Who’s afraid of the big, bad feedback?

TLDR: I regularly speak with companies that are interested in starting a Net Promoter Score℠ (NPS®) feedback program. I sometimes see a strange phenomenon: People offering various objections to getting started.

This comes as a surprise , given how easy it is to get started. A simple survey question for customers to answer, and a standard way to calculate the NPS score itself. So what gives? Continue reading

“Double-click” to get the most from your NPS® surveys

TLDR: Net Promoter Score℠ (NPS®) surveys can help you decode many things about your business.  Most people start by looking at the global NPS trend.

To get the most value from your analysis, I recommend “double-clicking” on your NPS results and looking more closely at what’s below the surface.

Continue reading

NPS ® for product managers: a 4-step guide

TLDR: Net Promoter Score℠ surveys can hold valuable clues for how to improve your product and better manage your product roadmap. You’ll need a structured approach to turning those clues into actionable insights and changes that result in improved customer retention. Here’s a 4-step guide to getting the most out of NPS surveys. Continue reading

Driving Net Promoter® in your company: 3 must do’s

I recently read a great article from Bain about the motives and barriers to the Net Promoter System℠ adoption across the enterprise, regarding the so-called “inner loop” and “outer loop”.

As they described it, the “inner loop” relates to a person or team who initiates Net Promoter Score surveys for their own use. In other words, to gather customer feedback that they themselves have the ability to address and resolve.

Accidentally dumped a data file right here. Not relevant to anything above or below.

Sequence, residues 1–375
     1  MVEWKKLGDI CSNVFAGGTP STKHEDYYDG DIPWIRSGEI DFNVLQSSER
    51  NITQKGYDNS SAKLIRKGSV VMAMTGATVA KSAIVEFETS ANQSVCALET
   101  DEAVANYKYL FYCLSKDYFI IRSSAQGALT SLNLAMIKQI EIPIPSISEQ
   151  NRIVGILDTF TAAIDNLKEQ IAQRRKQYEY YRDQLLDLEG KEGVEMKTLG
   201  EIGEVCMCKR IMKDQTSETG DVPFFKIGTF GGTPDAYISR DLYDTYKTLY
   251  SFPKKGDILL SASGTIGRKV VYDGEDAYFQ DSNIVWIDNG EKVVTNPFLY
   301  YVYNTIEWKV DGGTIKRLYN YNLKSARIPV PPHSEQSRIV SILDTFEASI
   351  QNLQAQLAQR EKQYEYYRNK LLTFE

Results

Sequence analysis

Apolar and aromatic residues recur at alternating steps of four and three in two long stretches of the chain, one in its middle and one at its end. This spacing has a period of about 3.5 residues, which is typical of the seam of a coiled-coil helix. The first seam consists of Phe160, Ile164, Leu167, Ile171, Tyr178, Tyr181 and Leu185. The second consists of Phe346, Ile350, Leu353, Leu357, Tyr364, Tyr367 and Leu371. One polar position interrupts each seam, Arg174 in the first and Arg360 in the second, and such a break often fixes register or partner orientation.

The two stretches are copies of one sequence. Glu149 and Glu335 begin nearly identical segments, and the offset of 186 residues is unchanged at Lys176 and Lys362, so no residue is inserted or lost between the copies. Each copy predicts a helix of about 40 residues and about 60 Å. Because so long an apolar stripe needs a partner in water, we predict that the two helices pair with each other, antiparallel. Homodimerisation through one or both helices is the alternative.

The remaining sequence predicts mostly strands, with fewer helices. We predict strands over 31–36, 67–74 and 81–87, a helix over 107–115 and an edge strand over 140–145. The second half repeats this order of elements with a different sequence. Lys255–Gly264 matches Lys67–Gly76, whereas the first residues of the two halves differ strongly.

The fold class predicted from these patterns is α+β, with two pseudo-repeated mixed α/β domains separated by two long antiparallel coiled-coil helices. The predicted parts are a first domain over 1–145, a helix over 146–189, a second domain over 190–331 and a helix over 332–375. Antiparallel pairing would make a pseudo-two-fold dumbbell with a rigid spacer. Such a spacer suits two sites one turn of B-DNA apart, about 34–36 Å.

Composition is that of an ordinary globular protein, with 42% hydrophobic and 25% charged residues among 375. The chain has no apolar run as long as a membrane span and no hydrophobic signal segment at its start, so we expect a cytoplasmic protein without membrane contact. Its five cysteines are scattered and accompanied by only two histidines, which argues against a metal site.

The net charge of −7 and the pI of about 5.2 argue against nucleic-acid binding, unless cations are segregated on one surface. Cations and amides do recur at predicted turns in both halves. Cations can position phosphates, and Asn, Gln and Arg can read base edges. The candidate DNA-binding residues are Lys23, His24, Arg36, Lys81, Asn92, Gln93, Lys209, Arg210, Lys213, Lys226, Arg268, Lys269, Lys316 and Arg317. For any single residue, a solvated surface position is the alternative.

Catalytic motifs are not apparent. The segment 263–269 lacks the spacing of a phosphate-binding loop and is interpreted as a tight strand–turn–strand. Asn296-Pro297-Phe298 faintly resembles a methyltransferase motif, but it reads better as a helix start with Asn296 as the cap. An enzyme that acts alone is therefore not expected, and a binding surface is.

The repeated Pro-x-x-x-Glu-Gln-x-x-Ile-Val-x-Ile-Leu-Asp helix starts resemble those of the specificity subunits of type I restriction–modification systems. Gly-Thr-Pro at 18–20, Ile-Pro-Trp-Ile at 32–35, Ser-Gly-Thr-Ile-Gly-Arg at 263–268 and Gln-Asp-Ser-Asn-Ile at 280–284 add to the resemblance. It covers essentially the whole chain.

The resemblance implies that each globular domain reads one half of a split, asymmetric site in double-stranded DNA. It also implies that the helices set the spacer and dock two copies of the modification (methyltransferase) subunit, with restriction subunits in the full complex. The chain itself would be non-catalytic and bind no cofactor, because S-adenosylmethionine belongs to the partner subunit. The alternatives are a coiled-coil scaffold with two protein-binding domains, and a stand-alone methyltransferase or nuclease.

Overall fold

The “outer loop” pertains to enterprise-wide adoption of NPS, including all of the departments that might be called upon to make improvements in response to Net Promoter Scores and customer feedback. I’d equate the “outer loop” to enterprise-wide adoption.

The challenge is that enterprise-wide adoption of the Net Promoter System is both the source of the biggest gains and the biggest challenges.

What does it take to reach enterprise-wide adoption? Consider three things.

Leadership commitment

Much has been written about this already, but it bears repeating: Leadership must embrace Net Promoter and mean it.

First, executive commitment to the Net Promoter System does not mean a commitment to sending customer feedback surveys. Rather, it means a commitment to respond to the feedback with operational improvements. No matter where or why they originate.

Second, it means a long-term commitment. Truly meaningful changes to drive improved Net Promoter Scores require many operational improvements delivered over a period of time. It’s a marathon not a sprint.